The Road To Livingstonia
The car screeched to a halt in front of us. Three men jumped out shouting and gastrulating as they tried to corral us towards its passenger doors. Apparently this was our taxi from the Malawi border to the next town. Earlier, Harry the tout who had followed us across from no man’s land and through Malawi immigration, told us that he had a taxi ‘just down the road’. Eight minutes later, after getting our passports stamped, we were still walking. Harry was becoming more and more evasive about the location of the car and we were just about to ditch him when the boys turned up.
Now travel guides and common sense tells you that getting into an unmarked car with a ‘friend’ of the driver is not a good idea. However, in Malawi sharing cars and pickups along the way are common, mainly because cars are rare and bicycles or mini-buses are the main form of transport for most people. Still I was not convinced and we started to trudge back to the border post to find out what time the buses left. 6pm apparently – a 4 hour wait. So we haggled, engaged in some banter, agreed that they would take us all the way to the hotel we wanted to stay at 80 k down the road for 4 dollars and set off. We picked up a couple of passengers along the way and it was fine.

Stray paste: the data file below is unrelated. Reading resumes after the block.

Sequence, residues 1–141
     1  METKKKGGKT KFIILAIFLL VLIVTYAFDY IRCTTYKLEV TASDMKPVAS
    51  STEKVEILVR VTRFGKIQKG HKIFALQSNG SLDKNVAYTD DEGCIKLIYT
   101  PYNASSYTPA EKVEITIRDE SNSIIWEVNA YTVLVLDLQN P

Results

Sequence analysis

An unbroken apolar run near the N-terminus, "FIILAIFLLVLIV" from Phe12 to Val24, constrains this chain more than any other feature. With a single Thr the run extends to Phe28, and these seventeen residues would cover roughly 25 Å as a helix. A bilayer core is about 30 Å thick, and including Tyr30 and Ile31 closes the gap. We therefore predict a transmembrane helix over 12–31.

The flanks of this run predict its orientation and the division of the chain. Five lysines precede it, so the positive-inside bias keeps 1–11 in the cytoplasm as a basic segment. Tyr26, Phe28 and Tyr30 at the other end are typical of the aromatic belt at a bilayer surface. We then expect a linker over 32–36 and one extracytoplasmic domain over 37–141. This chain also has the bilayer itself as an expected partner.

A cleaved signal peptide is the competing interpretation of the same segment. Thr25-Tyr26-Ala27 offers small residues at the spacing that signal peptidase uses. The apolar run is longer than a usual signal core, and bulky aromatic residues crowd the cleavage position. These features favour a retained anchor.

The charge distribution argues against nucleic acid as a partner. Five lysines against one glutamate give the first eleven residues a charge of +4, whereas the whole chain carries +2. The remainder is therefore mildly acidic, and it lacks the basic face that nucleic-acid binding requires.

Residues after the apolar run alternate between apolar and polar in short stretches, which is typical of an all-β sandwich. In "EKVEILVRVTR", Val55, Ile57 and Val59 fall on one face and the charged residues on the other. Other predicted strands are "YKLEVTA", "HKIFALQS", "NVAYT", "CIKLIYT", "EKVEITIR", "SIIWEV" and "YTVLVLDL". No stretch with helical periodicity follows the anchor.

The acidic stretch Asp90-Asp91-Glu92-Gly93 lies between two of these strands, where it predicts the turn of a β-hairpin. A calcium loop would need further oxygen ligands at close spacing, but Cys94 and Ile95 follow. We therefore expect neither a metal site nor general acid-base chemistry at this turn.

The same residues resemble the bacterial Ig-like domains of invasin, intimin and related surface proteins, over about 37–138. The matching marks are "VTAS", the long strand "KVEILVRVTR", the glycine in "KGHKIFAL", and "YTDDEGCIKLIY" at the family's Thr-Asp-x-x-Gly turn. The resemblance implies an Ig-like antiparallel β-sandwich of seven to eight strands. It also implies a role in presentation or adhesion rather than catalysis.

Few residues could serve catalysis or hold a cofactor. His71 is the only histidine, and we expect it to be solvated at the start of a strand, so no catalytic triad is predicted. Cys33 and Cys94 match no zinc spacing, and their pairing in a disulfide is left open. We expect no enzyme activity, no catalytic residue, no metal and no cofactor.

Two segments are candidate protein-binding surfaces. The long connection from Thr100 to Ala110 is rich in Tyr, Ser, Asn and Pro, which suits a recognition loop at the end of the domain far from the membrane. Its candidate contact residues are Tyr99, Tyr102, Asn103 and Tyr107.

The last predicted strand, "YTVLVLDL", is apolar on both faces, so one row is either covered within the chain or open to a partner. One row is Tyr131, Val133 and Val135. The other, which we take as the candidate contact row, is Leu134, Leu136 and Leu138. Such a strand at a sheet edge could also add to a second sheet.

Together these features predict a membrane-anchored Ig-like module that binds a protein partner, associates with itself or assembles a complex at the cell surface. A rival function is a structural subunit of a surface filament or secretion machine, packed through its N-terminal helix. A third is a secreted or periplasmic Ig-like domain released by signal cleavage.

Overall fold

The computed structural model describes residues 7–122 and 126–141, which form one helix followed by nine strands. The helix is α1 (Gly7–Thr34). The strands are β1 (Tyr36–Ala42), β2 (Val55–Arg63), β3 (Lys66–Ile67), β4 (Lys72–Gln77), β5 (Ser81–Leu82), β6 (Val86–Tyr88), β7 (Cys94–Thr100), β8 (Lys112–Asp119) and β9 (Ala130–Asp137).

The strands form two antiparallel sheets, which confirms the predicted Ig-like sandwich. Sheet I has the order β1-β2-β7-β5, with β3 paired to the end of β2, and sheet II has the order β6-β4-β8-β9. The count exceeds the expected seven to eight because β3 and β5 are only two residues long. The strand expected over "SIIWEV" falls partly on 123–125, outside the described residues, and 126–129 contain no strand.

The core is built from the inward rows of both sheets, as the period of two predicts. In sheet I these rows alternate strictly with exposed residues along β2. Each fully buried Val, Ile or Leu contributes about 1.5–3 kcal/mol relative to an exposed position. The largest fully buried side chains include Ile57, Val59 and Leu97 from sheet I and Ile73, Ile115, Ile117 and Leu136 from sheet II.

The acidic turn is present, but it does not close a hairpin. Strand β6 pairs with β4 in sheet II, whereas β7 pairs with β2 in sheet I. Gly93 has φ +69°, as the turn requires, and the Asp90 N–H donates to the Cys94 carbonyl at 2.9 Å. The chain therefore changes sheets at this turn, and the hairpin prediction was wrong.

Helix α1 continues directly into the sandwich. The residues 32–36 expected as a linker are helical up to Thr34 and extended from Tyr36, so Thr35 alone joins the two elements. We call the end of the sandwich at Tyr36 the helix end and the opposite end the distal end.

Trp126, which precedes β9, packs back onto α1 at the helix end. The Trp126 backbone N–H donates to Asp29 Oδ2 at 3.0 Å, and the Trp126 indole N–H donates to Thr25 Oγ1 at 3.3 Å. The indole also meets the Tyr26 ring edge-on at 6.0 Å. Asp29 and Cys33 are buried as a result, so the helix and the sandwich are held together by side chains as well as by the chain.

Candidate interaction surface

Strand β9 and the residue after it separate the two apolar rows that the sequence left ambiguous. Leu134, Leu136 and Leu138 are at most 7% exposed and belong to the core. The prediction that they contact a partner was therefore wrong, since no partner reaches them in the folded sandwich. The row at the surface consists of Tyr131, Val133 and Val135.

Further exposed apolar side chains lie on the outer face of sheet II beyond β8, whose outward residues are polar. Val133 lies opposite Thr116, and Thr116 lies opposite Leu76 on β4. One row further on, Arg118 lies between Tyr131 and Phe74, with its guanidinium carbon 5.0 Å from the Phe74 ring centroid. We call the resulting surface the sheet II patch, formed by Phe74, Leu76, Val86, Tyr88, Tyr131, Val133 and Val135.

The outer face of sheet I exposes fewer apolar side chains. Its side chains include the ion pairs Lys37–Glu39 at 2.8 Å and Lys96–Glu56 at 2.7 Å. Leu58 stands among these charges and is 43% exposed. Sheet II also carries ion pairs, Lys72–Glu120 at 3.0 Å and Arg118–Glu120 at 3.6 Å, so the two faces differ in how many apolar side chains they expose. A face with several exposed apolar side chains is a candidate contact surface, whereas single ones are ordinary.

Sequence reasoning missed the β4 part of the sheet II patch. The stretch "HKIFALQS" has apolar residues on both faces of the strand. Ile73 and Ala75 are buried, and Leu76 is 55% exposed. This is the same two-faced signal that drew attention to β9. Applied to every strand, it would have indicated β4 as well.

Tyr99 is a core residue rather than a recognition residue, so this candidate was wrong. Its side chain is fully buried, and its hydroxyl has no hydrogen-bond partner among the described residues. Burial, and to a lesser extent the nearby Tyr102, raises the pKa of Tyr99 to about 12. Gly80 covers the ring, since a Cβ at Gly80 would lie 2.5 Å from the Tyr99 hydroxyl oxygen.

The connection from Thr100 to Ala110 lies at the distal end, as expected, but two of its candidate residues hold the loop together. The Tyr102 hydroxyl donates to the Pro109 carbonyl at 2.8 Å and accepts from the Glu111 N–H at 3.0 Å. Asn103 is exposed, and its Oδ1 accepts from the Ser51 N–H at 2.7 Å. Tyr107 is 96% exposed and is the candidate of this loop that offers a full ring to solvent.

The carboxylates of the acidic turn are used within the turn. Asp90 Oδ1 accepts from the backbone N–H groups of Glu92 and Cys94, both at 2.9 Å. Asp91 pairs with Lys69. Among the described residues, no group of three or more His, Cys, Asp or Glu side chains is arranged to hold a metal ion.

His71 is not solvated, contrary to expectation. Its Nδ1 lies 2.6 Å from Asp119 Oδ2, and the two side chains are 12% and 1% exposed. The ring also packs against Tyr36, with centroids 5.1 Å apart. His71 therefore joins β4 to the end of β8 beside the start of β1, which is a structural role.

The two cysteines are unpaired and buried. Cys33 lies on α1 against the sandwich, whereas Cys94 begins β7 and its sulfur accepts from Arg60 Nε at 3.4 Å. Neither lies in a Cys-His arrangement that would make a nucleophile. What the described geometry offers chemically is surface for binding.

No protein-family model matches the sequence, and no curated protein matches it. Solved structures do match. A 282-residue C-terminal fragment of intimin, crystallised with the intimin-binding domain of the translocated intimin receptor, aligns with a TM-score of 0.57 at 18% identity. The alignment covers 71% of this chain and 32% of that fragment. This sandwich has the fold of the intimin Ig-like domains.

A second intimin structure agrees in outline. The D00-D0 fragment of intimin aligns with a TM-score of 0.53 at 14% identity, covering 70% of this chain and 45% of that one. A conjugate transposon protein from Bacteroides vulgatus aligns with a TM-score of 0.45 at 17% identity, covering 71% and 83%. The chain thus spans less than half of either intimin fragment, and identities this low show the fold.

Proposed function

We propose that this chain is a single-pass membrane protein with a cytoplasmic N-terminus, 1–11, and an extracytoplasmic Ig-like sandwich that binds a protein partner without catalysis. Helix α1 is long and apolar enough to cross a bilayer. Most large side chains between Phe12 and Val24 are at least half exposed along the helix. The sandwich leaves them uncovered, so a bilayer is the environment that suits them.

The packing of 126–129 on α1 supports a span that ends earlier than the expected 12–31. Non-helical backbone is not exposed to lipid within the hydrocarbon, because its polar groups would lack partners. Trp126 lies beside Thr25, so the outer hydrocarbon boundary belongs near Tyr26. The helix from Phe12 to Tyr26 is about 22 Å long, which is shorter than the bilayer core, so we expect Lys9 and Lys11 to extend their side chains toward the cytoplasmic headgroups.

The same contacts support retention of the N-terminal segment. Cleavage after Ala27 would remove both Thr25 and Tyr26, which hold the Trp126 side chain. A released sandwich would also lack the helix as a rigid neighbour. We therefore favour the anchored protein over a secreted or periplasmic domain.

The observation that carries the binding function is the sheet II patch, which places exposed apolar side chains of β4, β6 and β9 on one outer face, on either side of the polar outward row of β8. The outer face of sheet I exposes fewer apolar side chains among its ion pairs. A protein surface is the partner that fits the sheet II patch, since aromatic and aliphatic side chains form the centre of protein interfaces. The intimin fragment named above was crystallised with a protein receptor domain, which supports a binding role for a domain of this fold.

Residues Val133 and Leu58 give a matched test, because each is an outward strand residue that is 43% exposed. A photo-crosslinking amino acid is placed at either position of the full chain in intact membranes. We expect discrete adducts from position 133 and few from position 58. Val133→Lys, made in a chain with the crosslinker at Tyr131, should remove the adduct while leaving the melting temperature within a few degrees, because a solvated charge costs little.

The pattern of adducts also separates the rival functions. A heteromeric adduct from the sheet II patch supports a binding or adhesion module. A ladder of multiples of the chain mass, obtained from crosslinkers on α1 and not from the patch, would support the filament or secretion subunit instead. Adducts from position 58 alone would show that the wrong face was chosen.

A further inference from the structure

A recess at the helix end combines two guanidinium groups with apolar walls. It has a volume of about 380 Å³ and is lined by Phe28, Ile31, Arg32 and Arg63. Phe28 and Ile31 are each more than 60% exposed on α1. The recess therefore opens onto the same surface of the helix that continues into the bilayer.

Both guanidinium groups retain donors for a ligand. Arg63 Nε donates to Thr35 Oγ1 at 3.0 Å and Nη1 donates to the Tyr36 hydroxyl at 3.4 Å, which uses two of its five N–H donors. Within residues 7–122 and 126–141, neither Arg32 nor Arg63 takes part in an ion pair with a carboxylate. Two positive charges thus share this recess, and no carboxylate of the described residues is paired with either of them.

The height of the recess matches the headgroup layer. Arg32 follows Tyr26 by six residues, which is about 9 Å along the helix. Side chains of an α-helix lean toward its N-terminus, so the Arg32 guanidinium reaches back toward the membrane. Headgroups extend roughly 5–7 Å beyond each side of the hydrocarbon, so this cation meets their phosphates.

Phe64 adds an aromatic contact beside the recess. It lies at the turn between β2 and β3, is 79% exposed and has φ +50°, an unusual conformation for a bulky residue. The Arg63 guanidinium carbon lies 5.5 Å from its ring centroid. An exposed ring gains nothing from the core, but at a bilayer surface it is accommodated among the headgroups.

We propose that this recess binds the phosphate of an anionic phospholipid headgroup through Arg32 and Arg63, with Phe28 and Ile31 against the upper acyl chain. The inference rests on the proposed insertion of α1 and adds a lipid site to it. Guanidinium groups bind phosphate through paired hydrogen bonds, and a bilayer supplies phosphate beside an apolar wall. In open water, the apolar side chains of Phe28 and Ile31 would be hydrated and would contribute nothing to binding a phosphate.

The main reason for stopping off at the first town in Malawi was to cash up as the next ATM was half way down the country. I hardly saw any cars or motorbikes on the road and the main form of transport appeared to be bicycles. After checking into a dark cadaverous but functional hostel room I walked at least 3ks into town with the sun beating down on my head, to locate the bus station, banks, foreign exchange and market. On the way boys on bikes wearing vests with numbers on pedalled past me with goods and passengers perched precariously on small flat metal attachments fixed over their back wheels. This was the local taxi service.
The next day I found myself riding side saddle behind a young man watching my baggage sail ahead of me on another bike as we rode to the bus station. We were off to Livingstonia the first part of our Malawi adventure.